Coming back from the village all the memories of those heady years of the late 1980s crowded my mind. Many young people who would come to the KMCS as interns were sent to this village to teach the children there and we used to land up from time to time to see if everything was going alright or not. The walk through the hills from Vakner used to be very picturesque. The village itself was an idyllic heaven as shown in the picture below.

 All that is now gone with the wind of modern development. It is not long before the ugly box like modern brick and concrete architecture will come to dominate this idyllic scenario now that the road has reached the village. I had ofcourse left Alirajpur two decades back and become immersed in modern living in Indore despite my dreams but the people of Khodamba had perforce remained cut off from the mainstream and so fed my utopian dreams. Now justice has been done and they too are enjoying the benefits of modern connectivity!! 

2 comments:

Depinder Kapur said...

You tried sincerely. Should not regret.

One village or one town can never stand up to the ravages of capitalism that has reached an advanced stage.

A counter narrative to capitalism can only be organised large scale socialism.

Swapan Bhattacharjee said...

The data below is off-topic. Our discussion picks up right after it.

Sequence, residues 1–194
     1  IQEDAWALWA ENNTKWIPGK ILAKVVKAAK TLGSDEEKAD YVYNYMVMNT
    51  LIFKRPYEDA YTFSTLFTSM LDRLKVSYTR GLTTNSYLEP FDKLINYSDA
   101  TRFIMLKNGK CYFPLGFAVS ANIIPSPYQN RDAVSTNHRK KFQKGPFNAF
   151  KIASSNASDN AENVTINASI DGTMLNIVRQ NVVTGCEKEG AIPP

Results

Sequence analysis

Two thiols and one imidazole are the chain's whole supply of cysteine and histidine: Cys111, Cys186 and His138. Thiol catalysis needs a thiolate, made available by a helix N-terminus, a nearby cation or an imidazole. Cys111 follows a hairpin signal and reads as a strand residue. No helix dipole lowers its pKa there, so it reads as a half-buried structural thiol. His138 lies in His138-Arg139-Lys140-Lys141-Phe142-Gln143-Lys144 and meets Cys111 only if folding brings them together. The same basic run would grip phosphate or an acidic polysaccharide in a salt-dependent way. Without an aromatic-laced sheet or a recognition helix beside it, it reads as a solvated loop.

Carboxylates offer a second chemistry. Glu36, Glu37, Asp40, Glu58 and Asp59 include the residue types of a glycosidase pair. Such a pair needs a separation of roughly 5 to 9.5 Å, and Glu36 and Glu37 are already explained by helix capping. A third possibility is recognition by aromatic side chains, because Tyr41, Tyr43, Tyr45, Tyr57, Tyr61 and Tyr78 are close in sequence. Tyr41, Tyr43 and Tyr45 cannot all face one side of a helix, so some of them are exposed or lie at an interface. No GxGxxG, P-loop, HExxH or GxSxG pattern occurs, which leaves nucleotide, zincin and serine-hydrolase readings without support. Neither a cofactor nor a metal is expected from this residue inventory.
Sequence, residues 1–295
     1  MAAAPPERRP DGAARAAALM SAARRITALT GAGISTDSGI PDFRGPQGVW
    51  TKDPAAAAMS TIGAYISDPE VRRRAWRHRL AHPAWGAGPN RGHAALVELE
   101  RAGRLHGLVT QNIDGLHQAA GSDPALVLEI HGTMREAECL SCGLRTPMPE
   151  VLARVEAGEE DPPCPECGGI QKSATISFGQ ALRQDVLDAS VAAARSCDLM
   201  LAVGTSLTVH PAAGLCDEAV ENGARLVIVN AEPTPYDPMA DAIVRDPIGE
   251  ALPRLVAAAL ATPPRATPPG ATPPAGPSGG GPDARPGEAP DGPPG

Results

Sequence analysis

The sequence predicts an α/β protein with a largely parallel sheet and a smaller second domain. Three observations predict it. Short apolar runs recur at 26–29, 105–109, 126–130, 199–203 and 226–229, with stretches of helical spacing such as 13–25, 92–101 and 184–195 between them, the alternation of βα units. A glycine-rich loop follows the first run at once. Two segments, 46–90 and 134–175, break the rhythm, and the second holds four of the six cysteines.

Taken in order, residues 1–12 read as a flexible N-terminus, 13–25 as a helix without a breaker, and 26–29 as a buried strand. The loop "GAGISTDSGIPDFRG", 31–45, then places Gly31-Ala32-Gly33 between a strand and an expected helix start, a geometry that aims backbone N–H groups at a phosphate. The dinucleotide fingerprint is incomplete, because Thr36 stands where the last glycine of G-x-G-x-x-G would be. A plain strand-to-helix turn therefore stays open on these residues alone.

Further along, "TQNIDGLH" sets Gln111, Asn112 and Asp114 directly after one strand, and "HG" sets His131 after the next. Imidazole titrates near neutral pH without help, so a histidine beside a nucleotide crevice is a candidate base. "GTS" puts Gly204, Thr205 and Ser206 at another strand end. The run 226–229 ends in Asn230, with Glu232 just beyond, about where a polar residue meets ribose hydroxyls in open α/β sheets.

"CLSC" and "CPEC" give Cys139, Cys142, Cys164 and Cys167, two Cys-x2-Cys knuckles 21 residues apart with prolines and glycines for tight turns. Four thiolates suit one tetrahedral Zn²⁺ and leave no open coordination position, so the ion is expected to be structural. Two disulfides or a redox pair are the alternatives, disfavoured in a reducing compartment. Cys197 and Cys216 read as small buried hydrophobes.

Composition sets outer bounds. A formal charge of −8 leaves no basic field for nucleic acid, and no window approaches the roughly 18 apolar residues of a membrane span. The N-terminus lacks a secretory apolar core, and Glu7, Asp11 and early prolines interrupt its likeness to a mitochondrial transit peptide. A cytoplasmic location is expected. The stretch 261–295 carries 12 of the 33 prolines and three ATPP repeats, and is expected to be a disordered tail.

Rahul,I feel sad that your dreams of youth has come to an end. But what are the reasons - there must be more than one reason I guess- that led to such an end ? I have a, very speculative though, reason that could be one of them.
That splits consumerism into two parts at least. I feel that individuals do not only see the affluence among some people who have embraced a life of consumerism, but they also see many aspects of development which appear novel and intriguing. The curious minds, to take an example, see and may even appreciate the mechanisms of useful contraptions a painting brush and canvas for painting easily and in numbers for long storage which a creative artist will seek with enthusiasm.Basically in such a case the mind is looking for new media to display the ideas he or she has and strongly wishes to communicate to other people who share his way of life that has not yet fallen a pray to consumerism. This is an urge which may not have anything to do with consumerism, a primitive urge as well. That is why we have so many cave drawings and very primitive artefacts like potteries made by creative human through ages. Is it possible that consumerism in the final analysis may be found as a consequence of this creative drive ? I like to believe that. Of course it is a plain conjecture.